Another method to prevent the door being lifted off its hinges, when hung externally, is to screw the end of the pin of the crook, and put on a nut, which should be permanently fixed.

When very large doors or gates are a necessity, it is very much better to screw the hinge to the lower edge of the bottom rail of the door with a conical pointed projection on the underside, instead of the knuckle to go over the pin; and this cone is made to work in a gun-metal socket, which is leaded into a special stone, fixed a small distance above the level of the threshold or top step immediately under the door, so that the door may swing or spin (as it were) on this cone. In this case it is always advisable to strengthen the band, supporting the door, by means of lugs or ears welded on either side, so that the thickness of the door is grasped by them. They should be at least nine inches high and every eighteen inches along the band-hinge, with a minimum of three pairs. It is needless to say these lugs should be bolted together through the door, and the face of them should be flush with framing; otherwise they will form a ledge or cup for the wet, and cause the bottom of the door to rot.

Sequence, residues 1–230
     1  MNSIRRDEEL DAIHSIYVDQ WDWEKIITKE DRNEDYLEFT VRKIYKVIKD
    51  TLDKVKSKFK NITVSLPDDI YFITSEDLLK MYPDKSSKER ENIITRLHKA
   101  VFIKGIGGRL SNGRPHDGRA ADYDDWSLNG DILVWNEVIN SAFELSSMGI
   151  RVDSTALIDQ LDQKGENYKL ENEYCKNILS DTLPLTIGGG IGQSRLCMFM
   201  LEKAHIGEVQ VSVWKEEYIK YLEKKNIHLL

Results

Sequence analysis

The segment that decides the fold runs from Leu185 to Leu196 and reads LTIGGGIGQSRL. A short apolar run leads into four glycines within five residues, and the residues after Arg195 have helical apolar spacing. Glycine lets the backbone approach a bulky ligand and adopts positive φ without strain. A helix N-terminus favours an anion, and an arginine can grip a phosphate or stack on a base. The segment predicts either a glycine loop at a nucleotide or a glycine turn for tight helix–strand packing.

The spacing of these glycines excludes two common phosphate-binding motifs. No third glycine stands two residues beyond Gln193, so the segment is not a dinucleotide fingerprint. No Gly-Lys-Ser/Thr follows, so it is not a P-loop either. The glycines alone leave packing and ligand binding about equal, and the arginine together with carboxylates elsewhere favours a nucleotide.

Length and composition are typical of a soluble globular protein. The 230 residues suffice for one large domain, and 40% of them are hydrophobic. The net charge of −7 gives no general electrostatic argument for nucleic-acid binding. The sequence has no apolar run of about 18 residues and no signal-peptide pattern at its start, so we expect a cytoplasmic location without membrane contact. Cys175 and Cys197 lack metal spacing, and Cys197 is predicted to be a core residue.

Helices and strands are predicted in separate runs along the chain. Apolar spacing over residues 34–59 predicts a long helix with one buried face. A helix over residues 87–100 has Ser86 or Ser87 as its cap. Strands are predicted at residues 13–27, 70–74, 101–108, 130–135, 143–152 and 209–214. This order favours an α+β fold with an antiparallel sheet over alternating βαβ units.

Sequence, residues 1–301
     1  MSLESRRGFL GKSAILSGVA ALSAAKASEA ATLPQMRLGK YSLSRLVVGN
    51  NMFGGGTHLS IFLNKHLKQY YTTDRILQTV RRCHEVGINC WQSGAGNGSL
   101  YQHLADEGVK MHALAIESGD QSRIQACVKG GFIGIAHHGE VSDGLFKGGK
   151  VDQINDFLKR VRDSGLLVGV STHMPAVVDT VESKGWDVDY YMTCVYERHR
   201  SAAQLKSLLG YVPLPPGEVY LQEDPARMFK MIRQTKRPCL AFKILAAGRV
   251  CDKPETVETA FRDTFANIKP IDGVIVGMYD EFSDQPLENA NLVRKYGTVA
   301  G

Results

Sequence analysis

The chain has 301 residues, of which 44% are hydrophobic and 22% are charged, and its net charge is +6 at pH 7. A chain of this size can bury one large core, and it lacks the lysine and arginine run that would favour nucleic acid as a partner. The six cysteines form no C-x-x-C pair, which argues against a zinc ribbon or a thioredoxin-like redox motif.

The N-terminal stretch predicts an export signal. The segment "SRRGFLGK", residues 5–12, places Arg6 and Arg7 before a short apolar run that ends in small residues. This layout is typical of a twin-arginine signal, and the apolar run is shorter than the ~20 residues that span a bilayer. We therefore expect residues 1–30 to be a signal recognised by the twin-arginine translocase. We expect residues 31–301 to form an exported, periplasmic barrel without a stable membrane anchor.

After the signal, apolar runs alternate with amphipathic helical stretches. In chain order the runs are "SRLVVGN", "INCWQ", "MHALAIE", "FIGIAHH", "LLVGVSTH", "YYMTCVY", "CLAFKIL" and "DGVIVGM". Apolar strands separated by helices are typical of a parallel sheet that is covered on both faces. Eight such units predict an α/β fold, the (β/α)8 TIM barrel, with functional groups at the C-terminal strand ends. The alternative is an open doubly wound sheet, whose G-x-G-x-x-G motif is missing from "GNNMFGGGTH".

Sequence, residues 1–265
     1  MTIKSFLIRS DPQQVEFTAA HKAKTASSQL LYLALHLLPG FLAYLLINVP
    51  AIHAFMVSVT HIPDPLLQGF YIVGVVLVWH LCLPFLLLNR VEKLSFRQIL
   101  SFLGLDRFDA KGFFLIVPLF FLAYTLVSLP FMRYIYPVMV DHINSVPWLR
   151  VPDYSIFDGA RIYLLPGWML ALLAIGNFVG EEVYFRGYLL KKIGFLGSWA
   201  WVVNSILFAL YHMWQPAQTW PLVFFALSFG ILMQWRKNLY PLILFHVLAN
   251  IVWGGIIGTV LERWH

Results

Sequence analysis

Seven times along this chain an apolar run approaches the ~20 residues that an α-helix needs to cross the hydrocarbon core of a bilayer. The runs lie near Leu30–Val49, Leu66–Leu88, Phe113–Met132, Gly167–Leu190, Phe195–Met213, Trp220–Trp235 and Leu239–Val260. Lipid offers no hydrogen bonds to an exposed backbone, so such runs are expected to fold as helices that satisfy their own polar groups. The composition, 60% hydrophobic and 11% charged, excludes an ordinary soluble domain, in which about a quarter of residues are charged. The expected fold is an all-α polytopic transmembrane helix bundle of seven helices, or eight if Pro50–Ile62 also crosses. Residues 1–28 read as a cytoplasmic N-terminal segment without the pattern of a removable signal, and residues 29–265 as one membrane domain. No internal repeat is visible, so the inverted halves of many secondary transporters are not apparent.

The knuckle and pin of the upper hinge must be perfectly perpendicular over the centre of the cone to render proper and easy working without undue pressure on particular parts; and the hanging style should be much wider than usual, so that it will have more strength to keep the door from sagging towards the closing or meeting styles.

If this principle of "centre hanging" or "on points" were more extensively used we should have less sagging of doors to contend with, especially with regard to the best doors, and even window shutters in first-class work, for the principle can be applied to the top and bottom of framings, similarly to "door springs," to great advantage.

Before leaving the subject of door frames mention must be made of the practice of using straight door frame heads in arched openings, and nailing a thin turning piece or arch piece on to the top of the frame, so as to fill up the space above to the outline of the arch, as Fig. 617.